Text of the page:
Friday, 16 May 2014

Where did it all go wrong? #1

Greetings fellow wargamers. Over recent months playing games of Warhammer 40K, Warhammer Fantasy & Blood Bowl at my local club, I have been trying to spend a little time post-game analysing where I have failed in games I have lost, be it army selection, deployment, target priority or whatever. I must admit, a big part of this is about trying to convince myself that I am not as bad a player as I might think in the moments after a defeat, because if I can identify where I made mistakes, I can improve my game. 

At least I won't have to talk about Blood Bowl defeats in this series - so far at least!

So, this is part one of what I hope will be a series of posts that are realtively short and to the point, and I hope that both I and other players can learn something from my misfortune. Welcome to the Debriefing Room.


Game: Warhammer Fantasy
Armies: Warriors of Chaos vs Skaven
Points Limit: 2500
Scenario: The Watch Tower

This was my favourite combat of the battle! Double Giant for the win!


I lost when the game ended at the close of turn 5, immediately after the remaining models (13) in my unit of Chaos Warriors was removed by the Curse of the Horned Rat spell, leaving the unoccupied Watch Tower in the hands of the Vermin Lord that had cast the spell.


Ok, assuming the game would finish at the close of turn 5 like it did, there are three mistakes I have identified which could have changed the result of the game.

The first might well have shaken things up, and this relates to the demise of my Daemon Prince on turn 3. Quite simply, I moved him into a position where he could cast Cacophonic Choir and hit the greatest possible number of units, including a Doomwheel on 3 wounds which I expected to die when hit by 2d6 hits wounding on 4's with no armour save, and the Skaven Warlord's unit. I threw six dice at the spell, scored exactly 24 (without Miscasting), and my opponent had already used his Dispel Scroll earlier in the game. He threw seven dice to dispel and scored 24. Nuts.

The Doomwheel charged the Daemon Prince, I rolled a 1 for his Charmed Shield, and the Prince was toast. I hadn't planned at all for what the situation would be if the spell didn't go off, because I had max dice to use and there was no dispel scroll. What I should have done was either charge the Doomwheel in my own turn with the Daemon Prince and try and take off its last three wounds, or safer yet, fly to a position where the Doomwheel would be blocked entirely from charging or zapping the Daemon Prince due to intervening Skaven infantry blocks.

Second mistake. If I had remembered that I had a Dispel Scroll when my Chaos Warriors had first been targetted by  Curse of the Horned Rat (they were wiped out by the second casting of this spell), then the unit would have survived and I would have been holding the Watchtower at the end of the game. As it was, the second casting was cast with Irresistible Force, and that was that.

Third mistake. Even with forgetting to use the Dispel Scroll and losing the Warriors, if I had moved either or both the Battle Standard Bearer and Chaos Sorceror out of the Warrior unit and into the Watchtower in my turn 5 movement phase, I would have been in control of the tower when the battle ended.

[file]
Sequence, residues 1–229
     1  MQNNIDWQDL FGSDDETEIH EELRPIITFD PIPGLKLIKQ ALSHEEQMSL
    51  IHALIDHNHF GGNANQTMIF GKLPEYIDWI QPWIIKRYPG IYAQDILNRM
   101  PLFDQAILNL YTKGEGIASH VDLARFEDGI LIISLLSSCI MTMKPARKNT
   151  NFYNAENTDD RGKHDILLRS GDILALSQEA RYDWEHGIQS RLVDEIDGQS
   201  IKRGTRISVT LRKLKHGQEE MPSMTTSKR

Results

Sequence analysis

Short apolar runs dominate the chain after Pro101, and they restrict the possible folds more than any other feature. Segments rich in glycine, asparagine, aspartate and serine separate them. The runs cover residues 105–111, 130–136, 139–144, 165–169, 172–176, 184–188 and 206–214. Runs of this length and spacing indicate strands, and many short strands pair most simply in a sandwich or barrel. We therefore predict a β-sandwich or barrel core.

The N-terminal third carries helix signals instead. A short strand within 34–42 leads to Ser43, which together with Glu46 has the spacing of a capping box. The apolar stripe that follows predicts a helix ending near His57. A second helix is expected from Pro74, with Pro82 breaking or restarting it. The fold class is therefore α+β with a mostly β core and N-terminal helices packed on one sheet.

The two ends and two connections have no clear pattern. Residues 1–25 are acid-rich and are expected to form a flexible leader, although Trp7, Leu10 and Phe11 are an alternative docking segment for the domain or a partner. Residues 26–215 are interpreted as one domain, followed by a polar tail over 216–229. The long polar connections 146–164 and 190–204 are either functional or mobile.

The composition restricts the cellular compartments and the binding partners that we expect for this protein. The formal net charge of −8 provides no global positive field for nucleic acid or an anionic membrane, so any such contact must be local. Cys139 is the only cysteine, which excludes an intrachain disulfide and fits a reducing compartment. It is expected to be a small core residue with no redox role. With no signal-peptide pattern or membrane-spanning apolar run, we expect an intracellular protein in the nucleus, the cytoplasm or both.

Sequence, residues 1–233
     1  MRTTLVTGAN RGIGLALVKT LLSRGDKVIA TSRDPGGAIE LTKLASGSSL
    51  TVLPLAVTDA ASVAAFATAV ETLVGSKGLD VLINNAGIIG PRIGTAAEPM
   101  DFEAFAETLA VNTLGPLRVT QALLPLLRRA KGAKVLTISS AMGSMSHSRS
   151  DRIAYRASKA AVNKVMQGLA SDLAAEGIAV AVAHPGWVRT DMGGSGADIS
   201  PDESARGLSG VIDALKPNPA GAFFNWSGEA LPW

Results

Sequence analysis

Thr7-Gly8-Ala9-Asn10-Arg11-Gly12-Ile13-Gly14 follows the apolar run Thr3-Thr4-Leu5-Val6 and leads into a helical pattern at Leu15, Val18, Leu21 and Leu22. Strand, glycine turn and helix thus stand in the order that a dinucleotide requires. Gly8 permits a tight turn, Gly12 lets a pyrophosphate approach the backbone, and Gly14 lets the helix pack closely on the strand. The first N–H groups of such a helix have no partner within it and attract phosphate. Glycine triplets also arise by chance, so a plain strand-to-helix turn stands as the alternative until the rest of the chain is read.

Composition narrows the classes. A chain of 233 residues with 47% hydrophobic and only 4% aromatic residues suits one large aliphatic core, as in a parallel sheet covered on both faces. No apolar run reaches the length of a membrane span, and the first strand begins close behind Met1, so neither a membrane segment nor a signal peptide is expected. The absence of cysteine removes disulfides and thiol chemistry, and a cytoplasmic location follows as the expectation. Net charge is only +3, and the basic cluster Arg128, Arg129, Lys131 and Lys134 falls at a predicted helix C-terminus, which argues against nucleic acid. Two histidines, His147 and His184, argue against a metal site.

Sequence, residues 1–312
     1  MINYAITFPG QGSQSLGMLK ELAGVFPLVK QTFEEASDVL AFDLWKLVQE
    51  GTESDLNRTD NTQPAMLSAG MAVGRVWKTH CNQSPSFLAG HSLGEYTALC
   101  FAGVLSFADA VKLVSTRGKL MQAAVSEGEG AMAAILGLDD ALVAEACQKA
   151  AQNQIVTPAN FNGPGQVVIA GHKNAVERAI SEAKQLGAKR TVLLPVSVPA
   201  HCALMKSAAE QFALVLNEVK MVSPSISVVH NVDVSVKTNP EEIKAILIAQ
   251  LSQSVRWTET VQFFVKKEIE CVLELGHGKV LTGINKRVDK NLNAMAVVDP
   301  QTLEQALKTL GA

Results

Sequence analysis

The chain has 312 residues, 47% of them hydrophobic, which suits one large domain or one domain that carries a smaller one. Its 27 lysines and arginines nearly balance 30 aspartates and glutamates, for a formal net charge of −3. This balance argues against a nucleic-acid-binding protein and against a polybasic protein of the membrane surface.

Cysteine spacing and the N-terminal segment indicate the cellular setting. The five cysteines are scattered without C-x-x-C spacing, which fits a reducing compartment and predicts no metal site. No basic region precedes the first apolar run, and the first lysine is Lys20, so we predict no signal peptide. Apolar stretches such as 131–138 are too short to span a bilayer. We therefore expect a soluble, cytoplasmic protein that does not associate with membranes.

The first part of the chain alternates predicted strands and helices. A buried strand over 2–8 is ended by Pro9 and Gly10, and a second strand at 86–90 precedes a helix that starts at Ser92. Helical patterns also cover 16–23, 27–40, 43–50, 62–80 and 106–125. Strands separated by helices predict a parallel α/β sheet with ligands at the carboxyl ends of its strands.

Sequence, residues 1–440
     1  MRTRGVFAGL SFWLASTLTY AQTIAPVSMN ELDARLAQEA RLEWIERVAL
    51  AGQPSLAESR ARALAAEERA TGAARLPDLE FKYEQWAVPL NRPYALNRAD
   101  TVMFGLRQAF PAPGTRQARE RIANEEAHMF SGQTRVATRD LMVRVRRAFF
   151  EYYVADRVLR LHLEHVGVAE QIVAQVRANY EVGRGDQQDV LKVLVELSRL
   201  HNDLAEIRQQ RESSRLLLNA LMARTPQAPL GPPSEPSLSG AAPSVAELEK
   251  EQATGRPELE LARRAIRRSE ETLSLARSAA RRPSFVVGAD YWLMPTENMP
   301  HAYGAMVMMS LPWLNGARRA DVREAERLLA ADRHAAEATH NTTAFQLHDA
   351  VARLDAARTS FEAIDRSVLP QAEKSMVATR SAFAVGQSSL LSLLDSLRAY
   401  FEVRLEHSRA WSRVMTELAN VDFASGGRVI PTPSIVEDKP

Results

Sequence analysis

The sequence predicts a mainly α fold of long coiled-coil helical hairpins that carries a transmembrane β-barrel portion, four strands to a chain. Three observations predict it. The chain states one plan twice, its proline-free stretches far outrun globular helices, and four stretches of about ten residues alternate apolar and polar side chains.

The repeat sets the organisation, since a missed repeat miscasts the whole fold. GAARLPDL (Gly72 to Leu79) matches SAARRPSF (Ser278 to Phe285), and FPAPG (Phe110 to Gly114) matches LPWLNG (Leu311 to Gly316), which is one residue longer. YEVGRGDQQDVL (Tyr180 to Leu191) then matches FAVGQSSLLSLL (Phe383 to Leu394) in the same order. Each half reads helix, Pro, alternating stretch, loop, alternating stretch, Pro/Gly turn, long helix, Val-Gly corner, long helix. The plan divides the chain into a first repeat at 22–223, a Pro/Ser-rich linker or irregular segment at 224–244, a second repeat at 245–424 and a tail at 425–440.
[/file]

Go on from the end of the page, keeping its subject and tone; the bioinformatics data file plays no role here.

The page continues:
From this battle I learned a few things:

When taking an important action like casting a major spell or declaring a critical charge, consider what the consequences of that action not going off might be. What happens if the spell fails, or the charge falls short? If you are lucky, nothing damaging, if you are less fortunate, you could lose a major unit which could start the snowball rolling that dooms your army to defeat.

Always remember the tricks and special rules in your army, like using a Dispel Scroll when you really need to stop that game changing spell (if you can), don't forget your Magic Items effects, and if you have to write yourself a little note or put an elastic band around your wrist to help you remember, do it. Whatever works to stop you forgetting something that later proves signifcant.

Lastly, consider when it might be beneficial to have your characters abandon their bunker units. This might be simply to move them to a position of safety, it could be to threaten an enemy unit that would otherwise be out of your units threat area, or like my game, it could win you the battle by providing more targets than the enemy can eliminate before the last few grains of sand finally run out. Units are often used to provide protection for character models, but sometimes it is safer to have your character leave the unit while the unit provides a suitable diversion.

So, that's it for #1 of "Where did it all go wrong?". I hope it's been an interesting read. I've tried to keep it simple, and avoid getting into a situation where "you had to be there" for it to make any sense, and who knows, the things I have learned might also help you as well the next time you find your battleline in a bit of a fix.

Until next time, thanks for reading.

P.S. For anyone who hasn't seen them, I recently 'finished' my human Blood Bowl team!